10th Annual Korean Studies Writing Prize Awarded
Haley Gordon (MA '21, East Asian Studies) was awarded the 10th annual Korea Program Prize for Writing in Korean Studies, for her paper "Nation-Being in North Korea: New Perspectives on Human Rights."
"Haley's thesis is a critical analysis of the human rights discourse on North Korea. She notes that the human rights abuses are indisputable; but she finds a degree of tone-deafness around human rights activism that she traces to an absence of definition of terms," says Dafna Zur, Associate Professor, Korean Literature and Culture and Director of the Center for East Asian Studies. “Her inquiry led to two threads of analysis: the first is a deconstruction of some of the assumptions made by human rights' actors (and her exposure of their sometimes contradictory approaches); and the second is her reading of North Korean fiction as a way of understanding the relationship between the individual and the state. Haley's thesis brings a fresh perspective on what is typically a highly charged topic, and leaves room for possible policy adjustments.”
In Gordon's own words: "My thesis explores the contentious conversation surrounding North Korean human rights. If there is widespread agreement that North Korea’s human rights situation is appalling, then why is there still such heated disagreement over how best to improve it? What exactly are we talking about when we say ‘human rights’ in the context of North Korea? By way of answering these questions, I argue that the various governments, NGOs, activists, and international bodies that have a stake in the human rights conversation prioritize different historical goals and motives—denuclearization, reunification of the Korean Peninsula, regime change, etc.—that then shape their approaches to human rights.”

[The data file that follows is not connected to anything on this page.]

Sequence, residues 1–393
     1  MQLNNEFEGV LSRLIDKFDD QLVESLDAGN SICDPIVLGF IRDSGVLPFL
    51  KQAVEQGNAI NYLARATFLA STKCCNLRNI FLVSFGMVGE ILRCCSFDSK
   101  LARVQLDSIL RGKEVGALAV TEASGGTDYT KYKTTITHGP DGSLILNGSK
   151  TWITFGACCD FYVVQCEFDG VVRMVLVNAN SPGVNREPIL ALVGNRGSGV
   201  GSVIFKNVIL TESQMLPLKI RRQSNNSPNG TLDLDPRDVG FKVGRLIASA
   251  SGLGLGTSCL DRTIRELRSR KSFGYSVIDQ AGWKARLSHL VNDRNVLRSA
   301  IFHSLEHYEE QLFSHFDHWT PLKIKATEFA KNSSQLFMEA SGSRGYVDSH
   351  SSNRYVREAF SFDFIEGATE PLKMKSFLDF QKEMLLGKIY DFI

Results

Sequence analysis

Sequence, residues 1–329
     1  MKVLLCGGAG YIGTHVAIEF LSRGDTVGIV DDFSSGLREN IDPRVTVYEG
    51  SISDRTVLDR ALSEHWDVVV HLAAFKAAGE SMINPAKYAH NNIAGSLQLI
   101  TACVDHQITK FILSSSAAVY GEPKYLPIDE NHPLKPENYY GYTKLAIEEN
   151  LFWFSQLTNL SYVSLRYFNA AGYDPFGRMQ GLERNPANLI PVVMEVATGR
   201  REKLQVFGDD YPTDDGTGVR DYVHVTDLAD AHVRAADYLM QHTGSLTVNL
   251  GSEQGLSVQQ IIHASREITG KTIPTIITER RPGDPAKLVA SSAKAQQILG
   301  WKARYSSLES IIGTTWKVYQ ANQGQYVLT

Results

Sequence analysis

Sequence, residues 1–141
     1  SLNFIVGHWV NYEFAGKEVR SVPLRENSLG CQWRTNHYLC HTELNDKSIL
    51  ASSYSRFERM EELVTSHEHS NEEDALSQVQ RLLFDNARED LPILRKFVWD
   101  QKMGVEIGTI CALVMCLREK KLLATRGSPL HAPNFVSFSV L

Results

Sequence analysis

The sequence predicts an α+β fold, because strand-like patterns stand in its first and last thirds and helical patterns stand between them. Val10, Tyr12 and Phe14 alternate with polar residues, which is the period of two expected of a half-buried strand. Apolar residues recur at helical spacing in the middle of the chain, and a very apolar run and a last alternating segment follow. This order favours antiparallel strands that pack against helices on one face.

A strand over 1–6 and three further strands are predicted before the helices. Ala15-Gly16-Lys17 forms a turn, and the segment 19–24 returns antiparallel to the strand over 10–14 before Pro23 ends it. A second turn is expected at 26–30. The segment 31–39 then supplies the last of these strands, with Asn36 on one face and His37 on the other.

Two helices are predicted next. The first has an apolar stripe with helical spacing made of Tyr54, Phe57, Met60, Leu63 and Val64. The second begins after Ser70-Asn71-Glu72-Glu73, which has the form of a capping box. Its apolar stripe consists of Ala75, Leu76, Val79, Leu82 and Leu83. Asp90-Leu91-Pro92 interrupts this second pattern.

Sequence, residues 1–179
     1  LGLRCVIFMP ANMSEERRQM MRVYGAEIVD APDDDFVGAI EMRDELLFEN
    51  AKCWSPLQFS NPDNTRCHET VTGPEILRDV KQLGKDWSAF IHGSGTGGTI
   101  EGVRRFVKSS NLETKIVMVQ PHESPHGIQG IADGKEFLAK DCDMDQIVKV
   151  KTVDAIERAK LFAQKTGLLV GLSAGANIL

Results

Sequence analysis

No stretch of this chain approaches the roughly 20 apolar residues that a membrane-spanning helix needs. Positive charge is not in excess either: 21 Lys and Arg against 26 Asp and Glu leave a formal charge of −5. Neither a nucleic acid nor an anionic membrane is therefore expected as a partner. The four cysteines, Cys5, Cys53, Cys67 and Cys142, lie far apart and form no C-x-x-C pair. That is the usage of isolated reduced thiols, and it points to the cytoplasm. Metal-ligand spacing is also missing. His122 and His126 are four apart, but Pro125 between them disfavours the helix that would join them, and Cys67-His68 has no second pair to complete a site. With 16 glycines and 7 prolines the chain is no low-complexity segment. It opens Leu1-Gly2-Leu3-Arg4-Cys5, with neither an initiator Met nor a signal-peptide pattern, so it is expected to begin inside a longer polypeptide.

“I argue that it is also important to examine how human rights are conceived of within North Korea, in order to better understand—although not condone—the country’s ongoing abuses.” Gordon comments, “In the absence of an open and honest rights dialogue within the DPRK, I analyze state-sanctioned works of fiction, looking at how human rights, as manifested in the relationship between the state and individual, are presented to the North Korean populace. These stories illuminate a concept of human rights that prioritizes the right to survival of the North Korean nation itself; one that is very much at odds with the goals of other stakeholders."
Sponsored by the Korea Program and the Center for East Asian Studies, the writing prize recognizes and rewards outstanding examples of writing by Stanford students in an essay, term paper or thesis produced during the current academic year in any discipline within the area of Korean studies, broadly defined. The competition is open to both undergraduate and graduate students.
9th Annual Prize (2020)
8th Annual Prize (2019)
7th Annual Prize (2018)
6th Annual Prize (2017)
5th Annual Prize (2016)
4th Annual Prize (2015)
3rd Annual Prize (2014)
2nd Annual Prize (2013)
1st Annual Prize (2012)